Shaw appointed to bench

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Shaw appointed to bench

Shaw is the Deputy-Chairperson of the NSW Law Reform Commission, and a member of the national committee of management of the Australian Labour Law Association. No decision has yet been made on when he will assume his new position.

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The architect of the NSW IR Act, Jeff Shaw QC, a barrister since 1976, will become a Supreme Court judge.

NSW Attorney-General Bob Debus announced yesterday that Cabinet had approved the appointment of his predecessor Shaw, who was also former IR Minister.

Shaw left the ministry in June 2000 after five years in parliament to resume work as a barrister with HB Higgins chambers in Sydney. His departure sparked a ruckus within the NSW union movement, with then-secretary of the Labor Council Michael Costa forced into an early decision as to whether to take Shaw's Upper House seat (see 28/2000).

While Costa elected to wait, and has since become Police Minister, NSW Transport Workers' Union secretary Tony Sheldon upset the Labor Council's succession plan by announcing he would run for secretary, ahead of assistant-secretary John Robertson, who did eventually succeed Costa.

Shaw's biggest achievement in Parliament was the 1996 IR Act, which was written in plain English and re-regulated the IR system at a time when other Coalition state and federal governments around the country were doing the opposite, leading to that state being known as 'Fortress NSW'.

The IR Act was developed through consultation and has led to an IR system which operates largely through consensus and co-operation. Other state Labor Governments have since rewritten their IR laws, often using what has happened in NSW as a starting point for their models.

A report this year into five years of the Act's operation shows that it has delivered 'world class performance' to NSW enterprises, speeded up processing time for agreements almost threefold, delivered win-win outcomes to industrial parties and cut litigation (see 155/2002).

The act also enshrined the principles of equal remuneration for men and women doing work of equal or comparable value - something which saw state librarians, technicians and archivists awarded pay increases of up to 26% in the first equal remuneration test case (see 86/2002).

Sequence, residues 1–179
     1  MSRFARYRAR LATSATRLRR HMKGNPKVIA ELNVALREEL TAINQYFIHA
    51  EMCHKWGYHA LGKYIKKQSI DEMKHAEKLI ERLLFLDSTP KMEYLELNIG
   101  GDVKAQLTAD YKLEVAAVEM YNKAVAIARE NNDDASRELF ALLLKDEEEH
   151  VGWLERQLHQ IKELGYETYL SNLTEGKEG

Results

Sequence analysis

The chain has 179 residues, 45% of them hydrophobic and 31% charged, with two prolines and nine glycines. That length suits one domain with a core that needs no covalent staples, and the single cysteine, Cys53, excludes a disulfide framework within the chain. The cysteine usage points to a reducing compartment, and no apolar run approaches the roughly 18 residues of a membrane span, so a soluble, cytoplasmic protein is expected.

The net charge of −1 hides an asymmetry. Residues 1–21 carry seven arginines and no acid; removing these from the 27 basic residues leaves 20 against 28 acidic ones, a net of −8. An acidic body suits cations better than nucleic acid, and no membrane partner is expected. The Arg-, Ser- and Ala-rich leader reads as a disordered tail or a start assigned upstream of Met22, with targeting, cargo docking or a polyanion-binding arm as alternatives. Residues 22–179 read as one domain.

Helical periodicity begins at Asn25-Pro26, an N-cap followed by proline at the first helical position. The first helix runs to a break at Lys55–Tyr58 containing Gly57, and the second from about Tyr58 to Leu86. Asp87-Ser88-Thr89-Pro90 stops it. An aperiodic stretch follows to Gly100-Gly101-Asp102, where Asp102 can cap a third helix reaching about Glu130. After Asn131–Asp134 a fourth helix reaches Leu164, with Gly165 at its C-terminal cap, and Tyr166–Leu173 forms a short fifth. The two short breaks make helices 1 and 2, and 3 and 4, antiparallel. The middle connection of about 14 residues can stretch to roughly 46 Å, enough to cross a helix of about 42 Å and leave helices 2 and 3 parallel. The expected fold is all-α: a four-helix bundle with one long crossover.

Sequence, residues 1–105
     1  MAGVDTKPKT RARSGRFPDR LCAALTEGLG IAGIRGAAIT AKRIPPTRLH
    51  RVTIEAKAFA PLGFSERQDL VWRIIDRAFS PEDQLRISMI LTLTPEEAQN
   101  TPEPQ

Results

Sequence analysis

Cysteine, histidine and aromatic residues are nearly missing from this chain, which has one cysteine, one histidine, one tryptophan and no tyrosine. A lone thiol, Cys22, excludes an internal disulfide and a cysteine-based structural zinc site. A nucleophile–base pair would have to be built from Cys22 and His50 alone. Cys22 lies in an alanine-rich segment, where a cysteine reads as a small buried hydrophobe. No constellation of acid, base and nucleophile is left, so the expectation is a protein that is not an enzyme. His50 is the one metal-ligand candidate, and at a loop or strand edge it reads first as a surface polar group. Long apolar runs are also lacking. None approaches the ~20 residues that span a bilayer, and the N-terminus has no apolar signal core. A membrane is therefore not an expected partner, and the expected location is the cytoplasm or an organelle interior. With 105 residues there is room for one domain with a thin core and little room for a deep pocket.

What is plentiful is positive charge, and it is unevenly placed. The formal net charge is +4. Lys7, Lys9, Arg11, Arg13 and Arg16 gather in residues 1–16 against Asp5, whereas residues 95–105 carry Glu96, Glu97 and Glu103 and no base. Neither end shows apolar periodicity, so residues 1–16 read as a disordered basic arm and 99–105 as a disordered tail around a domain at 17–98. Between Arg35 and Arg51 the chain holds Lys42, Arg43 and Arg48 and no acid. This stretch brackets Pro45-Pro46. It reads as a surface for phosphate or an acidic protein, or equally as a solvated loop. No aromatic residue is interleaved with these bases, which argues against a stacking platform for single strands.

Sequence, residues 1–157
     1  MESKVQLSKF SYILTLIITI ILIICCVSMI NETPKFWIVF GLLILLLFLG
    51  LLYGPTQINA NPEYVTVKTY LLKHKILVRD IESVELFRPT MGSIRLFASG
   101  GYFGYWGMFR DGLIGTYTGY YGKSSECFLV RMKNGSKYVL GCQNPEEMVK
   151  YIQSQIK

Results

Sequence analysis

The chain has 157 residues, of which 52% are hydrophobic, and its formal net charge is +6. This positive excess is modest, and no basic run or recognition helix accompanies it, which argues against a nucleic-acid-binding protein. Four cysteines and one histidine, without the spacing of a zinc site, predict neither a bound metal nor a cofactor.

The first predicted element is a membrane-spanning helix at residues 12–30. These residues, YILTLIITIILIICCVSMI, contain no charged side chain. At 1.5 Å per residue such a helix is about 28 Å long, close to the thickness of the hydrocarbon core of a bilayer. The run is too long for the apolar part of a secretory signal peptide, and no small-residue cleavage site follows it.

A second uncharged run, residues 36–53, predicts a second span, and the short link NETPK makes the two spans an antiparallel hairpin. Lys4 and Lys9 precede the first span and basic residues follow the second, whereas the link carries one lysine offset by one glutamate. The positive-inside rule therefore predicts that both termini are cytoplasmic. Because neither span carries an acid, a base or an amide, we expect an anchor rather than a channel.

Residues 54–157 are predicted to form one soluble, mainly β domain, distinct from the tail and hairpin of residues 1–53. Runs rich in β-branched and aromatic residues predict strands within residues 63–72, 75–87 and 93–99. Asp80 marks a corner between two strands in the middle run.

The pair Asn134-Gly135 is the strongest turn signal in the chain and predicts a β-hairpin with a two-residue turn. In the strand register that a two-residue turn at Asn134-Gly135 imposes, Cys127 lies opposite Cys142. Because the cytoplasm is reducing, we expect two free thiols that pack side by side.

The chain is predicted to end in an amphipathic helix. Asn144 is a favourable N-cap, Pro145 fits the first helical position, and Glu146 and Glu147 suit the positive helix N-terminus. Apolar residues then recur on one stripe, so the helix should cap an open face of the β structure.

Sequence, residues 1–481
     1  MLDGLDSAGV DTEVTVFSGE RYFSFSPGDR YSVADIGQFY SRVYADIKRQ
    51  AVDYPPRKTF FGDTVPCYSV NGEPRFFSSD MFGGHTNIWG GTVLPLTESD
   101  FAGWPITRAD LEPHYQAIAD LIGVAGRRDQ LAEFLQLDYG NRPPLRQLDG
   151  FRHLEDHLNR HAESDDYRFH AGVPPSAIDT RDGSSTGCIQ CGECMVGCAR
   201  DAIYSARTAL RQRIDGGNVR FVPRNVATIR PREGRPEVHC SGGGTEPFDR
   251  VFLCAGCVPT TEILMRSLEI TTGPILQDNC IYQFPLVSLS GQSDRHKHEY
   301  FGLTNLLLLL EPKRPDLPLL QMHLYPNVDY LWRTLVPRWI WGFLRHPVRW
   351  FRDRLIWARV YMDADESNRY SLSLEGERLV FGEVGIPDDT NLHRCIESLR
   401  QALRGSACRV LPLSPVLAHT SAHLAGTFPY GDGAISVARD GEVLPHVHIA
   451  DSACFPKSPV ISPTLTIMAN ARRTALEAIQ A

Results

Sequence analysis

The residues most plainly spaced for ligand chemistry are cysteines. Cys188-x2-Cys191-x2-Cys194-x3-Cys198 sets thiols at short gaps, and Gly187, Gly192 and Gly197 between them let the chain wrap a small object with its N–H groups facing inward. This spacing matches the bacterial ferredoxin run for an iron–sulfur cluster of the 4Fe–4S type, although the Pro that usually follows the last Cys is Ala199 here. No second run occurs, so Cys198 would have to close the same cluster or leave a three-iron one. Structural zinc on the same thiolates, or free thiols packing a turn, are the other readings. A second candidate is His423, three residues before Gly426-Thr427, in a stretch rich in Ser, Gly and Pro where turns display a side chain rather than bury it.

Shaw also masterminded the plain-English OHS Act 2000, which made it compulsory for employers to consult with workers on workplace OHS and doubled penalties. Again, he said extensive negotiations towards the Act which 'may have seemed convoluted and lengthy' had meant the legislation itself achieved support all round (see 136/2001).

While Shaw is noted for his work as an industrial barrister, he is also noted for his constitutional work, and combined the two after his return to the bar when he commented on the Federal Government's plans, unveiled yesterday, to use its corporations powers under the constitution to take over unfair dismissals from the states.

Speaking at a conference on a unitary IR system held two years ago, Shaw warned of problems arising from the use of the corporations power in IR (see 132/2000). He said workers in non-incorporated workplaces wouldn't be picked up, corporations were limited to foreign, trading and financial corporations, and the Commonwealth would have limited power over state public servants.

He also said the Government and speakers were overplaying the importance of changes to industrial law, when other laws between states - for example criminal law or common law, or workers' compensation - were so different that human rights would never be equal.

Shaw is the Deputy-Chairperson of the NSW Law Reform Commission, and a member of the national committee of management of the Australian Labour Law Association. No decision has yet been made on when he will assume his new position.

 
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